To study the effect of thermal mineral water of Nagybaracska (Hungary) on patients with primary knee osteoarthritis in a randomized, double-blind clinical trial, 64 patients with nonsurgical knee joint osteoarthritis were randomly selected either into the thermal mineral water or into the tap water group in a non-spa resort village. The patients of both groups received 30-min sessions of bathing, 5 days a week for four consecutive weeks. The patients were evaluated by a blind observer immediately before and at the end of the trial using Western Ontario and McMaster Osteoarthritis (WOMAC) indices and follow-up assessment 3 months later. Twenty-seven patients of the 32 patients who received thermal mineral water and 25 of the 32 of those treated with tap water completed the trial. The WOMAC activity, pain, and total scores improved significantly in the thermal mineral-water-treated group. The improvement remained also at the end of the 3-month follow-up. The WOMAC activity, pain, and total scores improved significantly also in the tap water group at the end of the treatment course, but no improvement was detected at the end of the 3-month follow-up period. The treatment with the thermal mineral water of Nagybaracska significantly improved activity, pain, and total WOMAC scores of patients with nonsurgical OA of the knee. Even after 3 months, significant improvement was observed compared to the scores before the treatment or to tap water treatment.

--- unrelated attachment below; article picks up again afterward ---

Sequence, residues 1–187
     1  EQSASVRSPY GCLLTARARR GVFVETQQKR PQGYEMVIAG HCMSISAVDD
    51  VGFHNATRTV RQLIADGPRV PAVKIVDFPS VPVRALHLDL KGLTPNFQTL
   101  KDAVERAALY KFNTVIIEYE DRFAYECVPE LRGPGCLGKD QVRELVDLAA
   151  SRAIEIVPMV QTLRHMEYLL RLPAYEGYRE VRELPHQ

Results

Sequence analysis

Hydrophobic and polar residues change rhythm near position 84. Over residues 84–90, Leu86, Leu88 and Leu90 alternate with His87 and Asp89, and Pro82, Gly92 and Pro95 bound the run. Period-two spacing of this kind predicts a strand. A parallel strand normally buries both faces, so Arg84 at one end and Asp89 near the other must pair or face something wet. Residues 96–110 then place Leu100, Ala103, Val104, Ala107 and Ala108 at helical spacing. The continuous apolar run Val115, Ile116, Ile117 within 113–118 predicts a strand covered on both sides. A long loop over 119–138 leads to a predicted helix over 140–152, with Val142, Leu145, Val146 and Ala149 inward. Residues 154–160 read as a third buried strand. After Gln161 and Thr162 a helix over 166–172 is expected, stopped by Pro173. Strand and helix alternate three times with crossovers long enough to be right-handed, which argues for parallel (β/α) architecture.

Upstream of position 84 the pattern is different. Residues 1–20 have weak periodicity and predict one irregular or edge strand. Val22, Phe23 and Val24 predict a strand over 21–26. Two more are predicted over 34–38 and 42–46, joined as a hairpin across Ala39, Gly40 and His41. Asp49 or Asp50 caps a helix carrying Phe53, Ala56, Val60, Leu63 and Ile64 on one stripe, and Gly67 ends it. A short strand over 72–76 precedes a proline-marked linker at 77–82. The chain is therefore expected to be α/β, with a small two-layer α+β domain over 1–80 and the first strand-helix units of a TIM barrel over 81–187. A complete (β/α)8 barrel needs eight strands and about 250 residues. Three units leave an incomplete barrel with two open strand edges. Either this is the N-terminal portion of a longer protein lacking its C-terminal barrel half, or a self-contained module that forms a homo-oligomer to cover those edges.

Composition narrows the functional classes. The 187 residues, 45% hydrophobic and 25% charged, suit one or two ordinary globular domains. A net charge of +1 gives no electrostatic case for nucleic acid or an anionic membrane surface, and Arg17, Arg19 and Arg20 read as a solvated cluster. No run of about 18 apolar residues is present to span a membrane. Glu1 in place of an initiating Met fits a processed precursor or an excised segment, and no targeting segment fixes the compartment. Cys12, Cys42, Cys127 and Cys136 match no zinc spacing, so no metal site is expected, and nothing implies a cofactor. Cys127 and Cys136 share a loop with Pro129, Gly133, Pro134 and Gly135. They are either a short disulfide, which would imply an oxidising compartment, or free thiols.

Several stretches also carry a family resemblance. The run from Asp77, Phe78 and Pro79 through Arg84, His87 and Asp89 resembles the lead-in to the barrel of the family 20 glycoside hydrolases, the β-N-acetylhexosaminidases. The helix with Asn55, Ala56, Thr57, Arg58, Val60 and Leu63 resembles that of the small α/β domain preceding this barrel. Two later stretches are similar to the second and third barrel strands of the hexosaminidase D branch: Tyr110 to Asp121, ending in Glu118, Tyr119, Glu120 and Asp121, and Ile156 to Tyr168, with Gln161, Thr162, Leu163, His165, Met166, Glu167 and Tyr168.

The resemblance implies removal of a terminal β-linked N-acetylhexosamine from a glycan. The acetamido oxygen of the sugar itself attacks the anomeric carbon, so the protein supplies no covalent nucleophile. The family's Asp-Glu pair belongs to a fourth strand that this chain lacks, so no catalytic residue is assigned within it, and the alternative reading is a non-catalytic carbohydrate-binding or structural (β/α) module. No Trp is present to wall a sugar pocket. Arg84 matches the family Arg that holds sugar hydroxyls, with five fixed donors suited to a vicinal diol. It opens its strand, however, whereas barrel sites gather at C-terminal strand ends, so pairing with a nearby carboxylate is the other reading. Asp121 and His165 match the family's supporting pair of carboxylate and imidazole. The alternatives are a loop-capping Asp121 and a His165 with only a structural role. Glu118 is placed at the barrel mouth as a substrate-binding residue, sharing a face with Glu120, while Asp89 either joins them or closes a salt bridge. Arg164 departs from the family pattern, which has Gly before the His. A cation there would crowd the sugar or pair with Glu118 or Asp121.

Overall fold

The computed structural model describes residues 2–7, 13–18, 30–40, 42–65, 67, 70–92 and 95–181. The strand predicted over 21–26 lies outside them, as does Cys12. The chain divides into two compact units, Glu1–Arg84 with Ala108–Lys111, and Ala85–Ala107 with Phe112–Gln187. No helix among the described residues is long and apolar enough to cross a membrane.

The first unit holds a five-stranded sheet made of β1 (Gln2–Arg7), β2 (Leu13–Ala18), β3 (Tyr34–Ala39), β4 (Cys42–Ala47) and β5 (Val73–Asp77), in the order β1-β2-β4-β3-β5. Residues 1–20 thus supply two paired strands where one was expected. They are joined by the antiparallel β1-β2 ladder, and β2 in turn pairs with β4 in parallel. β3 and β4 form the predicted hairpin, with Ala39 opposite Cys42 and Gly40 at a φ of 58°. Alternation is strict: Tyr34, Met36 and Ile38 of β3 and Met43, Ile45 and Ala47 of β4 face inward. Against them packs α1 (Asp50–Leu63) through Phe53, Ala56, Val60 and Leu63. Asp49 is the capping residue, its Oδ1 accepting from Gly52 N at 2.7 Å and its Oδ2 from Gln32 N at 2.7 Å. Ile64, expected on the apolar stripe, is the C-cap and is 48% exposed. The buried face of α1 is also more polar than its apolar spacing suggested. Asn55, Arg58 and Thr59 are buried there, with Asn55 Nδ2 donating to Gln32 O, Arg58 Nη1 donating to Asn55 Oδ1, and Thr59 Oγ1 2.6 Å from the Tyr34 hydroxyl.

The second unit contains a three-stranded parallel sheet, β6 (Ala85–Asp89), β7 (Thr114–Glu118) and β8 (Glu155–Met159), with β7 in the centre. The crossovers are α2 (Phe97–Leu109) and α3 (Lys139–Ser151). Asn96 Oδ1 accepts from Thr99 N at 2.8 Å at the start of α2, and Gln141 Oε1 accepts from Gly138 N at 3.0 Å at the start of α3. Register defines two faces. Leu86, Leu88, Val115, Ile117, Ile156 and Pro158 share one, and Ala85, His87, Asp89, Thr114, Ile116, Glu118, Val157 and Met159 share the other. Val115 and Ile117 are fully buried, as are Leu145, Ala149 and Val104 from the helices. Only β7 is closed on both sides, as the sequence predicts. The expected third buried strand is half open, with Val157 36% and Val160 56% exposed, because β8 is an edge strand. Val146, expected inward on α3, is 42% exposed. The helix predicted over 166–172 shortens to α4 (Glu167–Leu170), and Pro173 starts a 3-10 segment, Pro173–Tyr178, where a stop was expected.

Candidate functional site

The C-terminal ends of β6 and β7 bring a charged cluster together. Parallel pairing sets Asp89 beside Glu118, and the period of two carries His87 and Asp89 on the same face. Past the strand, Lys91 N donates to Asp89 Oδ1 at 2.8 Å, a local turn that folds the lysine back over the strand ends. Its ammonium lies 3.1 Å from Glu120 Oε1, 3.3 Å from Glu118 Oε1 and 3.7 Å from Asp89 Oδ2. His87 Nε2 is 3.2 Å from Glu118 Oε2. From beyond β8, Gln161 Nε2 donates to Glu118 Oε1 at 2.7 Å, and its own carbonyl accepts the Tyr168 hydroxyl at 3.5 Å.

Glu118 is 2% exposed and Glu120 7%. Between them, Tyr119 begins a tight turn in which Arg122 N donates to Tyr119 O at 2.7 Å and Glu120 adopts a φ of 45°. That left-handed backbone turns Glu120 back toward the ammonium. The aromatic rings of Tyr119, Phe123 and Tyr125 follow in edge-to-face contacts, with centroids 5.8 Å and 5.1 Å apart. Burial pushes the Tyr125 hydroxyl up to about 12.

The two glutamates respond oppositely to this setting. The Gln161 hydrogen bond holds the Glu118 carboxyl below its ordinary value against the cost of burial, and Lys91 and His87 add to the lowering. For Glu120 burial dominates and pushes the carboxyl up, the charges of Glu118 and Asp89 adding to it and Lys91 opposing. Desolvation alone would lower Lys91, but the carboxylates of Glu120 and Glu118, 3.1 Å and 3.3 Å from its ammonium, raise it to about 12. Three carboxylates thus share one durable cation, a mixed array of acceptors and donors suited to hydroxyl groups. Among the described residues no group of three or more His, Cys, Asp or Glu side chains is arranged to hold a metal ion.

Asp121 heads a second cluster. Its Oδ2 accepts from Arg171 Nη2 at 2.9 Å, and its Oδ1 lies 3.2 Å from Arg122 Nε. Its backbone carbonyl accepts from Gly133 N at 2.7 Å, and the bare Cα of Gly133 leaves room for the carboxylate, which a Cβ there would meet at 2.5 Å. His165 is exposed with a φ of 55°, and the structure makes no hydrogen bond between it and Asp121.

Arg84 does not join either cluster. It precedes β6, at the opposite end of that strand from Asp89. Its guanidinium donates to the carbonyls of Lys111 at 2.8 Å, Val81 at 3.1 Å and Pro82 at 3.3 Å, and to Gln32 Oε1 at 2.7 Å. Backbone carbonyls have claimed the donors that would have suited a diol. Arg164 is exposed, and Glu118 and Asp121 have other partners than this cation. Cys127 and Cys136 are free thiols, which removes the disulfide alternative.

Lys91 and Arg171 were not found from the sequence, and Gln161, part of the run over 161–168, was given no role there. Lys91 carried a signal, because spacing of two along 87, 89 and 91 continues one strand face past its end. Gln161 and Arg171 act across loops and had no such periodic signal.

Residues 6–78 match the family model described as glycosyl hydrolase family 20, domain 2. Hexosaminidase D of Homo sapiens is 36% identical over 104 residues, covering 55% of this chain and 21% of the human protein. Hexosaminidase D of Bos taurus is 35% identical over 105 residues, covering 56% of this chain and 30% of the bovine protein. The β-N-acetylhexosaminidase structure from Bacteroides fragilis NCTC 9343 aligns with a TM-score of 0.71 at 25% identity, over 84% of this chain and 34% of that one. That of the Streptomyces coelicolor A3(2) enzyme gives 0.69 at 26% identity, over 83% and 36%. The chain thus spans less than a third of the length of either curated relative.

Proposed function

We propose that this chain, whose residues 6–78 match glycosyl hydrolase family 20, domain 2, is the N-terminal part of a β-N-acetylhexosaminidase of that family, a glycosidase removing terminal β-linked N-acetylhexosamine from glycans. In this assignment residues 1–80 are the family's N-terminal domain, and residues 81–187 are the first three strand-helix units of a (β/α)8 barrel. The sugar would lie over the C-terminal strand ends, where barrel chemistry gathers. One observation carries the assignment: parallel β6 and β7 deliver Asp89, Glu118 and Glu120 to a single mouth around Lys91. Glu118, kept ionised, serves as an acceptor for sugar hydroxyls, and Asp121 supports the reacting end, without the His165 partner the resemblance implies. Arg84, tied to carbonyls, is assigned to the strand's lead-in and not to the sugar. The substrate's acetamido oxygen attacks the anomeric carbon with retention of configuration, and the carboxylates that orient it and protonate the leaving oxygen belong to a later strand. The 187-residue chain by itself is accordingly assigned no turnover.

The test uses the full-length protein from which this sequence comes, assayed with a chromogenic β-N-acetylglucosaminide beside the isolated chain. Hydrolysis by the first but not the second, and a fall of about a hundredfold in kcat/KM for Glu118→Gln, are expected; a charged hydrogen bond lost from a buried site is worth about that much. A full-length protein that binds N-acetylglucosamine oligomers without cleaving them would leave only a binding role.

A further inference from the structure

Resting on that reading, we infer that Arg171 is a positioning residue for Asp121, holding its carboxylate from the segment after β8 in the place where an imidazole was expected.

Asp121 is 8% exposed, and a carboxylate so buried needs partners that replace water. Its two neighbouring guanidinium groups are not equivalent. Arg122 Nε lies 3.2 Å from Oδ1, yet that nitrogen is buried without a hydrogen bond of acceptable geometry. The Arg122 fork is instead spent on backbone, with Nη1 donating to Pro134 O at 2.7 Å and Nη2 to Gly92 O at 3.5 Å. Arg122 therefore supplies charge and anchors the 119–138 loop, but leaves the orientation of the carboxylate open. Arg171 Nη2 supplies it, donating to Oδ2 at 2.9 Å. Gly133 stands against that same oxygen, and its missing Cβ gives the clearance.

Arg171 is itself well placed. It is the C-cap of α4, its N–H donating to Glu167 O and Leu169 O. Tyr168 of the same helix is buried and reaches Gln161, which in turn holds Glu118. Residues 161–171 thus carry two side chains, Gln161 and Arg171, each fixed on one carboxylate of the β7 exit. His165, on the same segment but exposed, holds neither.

Keywords: Balneotherapy, Knee, Osteoarthritis, Physiotherapy, Spa, Treatment